One of the more tantalizing statistics of the decade is this: for a mere $11 billion we could raise every poor American above the poverty line as poverty is currently and officially defined—an income below $3,130 for a family of four. Now, as the world knows, poverty may be a great deal more than a shortage of money, and giving money to the poor may indeed amount to no more than treating the symptoms of deeper personal and social disorders with financial palliatives. All the same, even within the most sophisticated and sociological definitions of poverty, lack of money is at least part of the condition of the poor. Moreover, as every consumer of aspirin should be able to testify, symptomatic relief is much to be preferred to no relief at all.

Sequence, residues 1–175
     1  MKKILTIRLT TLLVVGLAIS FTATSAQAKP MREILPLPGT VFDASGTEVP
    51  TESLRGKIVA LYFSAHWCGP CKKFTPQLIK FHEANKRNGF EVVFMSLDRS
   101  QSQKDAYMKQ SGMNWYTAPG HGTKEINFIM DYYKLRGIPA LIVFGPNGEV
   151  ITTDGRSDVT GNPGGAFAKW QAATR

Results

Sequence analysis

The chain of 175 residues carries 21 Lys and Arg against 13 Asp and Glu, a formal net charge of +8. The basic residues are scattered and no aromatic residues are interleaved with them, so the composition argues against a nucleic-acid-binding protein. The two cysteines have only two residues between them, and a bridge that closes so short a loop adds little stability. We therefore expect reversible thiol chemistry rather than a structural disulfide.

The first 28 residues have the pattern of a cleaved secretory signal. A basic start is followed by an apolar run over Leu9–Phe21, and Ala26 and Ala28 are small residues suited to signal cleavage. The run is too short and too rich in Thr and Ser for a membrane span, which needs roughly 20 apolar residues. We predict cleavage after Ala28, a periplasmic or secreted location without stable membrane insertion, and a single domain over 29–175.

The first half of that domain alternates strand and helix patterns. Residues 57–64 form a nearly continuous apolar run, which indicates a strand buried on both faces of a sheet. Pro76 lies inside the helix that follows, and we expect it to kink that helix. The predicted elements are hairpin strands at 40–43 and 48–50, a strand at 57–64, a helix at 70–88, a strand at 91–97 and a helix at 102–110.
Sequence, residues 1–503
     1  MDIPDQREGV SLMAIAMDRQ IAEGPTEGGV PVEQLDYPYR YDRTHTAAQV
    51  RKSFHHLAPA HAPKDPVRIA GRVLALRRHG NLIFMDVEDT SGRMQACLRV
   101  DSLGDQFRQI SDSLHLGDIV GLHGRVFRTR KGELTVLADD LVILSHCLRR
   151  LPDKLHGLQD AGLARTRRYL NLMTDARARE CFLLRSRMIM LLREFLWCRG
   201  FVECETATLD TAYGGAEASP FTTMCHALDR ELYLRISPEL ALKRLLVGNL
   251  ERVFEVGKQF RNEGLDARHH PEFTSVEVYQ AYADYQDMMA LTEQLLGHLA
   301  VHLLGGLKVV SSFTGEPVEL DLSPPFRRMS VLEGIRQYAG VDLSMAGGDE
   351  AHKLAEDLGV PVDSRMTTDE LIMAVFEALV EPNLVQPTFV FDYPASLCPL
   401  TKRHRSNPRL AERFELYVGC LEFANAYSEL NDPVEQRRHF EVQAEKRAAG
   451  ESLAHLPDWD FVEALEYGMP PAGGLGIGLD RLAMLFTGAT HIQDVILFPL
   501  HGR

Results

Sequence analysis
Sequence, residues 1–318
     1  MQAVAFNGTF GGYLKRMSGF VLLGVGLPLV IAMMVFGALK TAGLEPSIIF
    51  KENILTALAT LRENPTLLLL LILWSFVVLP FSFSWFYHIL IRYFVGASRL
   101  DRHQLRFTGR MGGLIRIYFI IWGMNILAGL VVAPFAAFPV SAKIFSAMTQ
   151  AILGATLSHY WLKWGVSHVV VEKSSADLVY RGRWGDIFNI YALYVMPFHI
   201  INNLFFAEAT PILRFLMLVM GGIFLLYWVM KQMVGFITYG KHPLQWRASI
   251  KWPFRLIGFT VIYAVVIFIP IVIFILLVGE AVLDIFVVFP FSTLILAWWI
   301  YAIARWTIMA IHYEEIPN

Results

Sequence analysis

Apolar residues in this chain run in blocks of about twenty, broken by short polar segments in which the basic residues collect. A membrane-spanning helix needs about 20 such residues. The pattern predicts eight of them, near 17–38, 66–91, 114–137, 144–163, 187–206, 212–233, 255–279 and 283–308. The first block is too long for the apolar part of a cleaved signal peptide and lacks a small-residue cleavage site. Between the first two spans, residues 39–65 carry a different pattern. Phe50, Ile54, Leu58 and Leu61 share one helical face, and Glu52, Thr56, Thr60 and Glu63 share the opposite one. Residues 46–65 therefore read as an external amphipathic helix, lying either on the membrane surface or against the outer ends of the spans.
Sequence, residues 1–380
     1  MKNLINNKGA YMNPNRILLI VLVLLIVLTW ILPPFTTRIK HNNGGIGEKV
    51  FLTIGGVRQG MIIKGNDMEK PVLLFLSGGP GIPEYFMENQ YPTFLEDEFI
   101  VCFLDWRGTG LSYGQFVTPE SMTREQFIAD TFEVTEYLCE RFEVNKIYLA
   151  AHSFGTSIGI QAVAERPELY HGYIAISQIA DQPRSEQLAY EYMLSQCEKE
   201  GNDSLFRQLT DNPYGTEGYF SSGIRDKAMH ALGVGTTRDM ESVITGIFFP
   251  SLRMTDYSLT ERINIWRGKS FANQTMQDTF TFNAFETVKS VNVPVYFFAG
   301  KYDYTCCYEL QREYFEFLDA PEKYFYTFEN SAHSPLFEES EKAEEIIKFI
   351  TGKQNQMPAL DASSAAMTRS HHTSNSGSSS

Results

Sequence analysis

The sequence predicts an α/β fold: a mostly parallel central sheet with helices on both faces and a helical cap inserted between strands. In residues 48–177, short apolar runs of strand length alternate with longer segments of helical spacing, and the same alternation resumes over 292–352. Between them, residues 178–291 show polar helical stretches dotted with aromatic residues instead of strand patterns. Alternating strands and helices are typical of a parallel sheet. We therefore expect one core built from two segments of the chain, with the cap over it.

Now $11 billion is not much, a mere one and a small fraction per cent of Gross National Product, considerably less than half of Vietnam’s annual cost, just about the size of the Pentagon’s underestimate in 1966 of Vietnam expenditure. It must also be said that of all the ways to assist the unfortunate, simple transfer of funds is the simplest, the least niggling, and the most respectful of human dignity. Either of two magnificently efficient agencies, the Internal Revenue Service or the Social Security Administration, can handle the affair with infinitely less sweat than the assembled social workers and Welfare Departments of the land who spend substantially smaller sums. No wonder than that economists of very different ideological preferences and diverging motives have come to perceive merit in some version or other of income maintenance as a part or (on occasion) the whole of the assault upon poverty....
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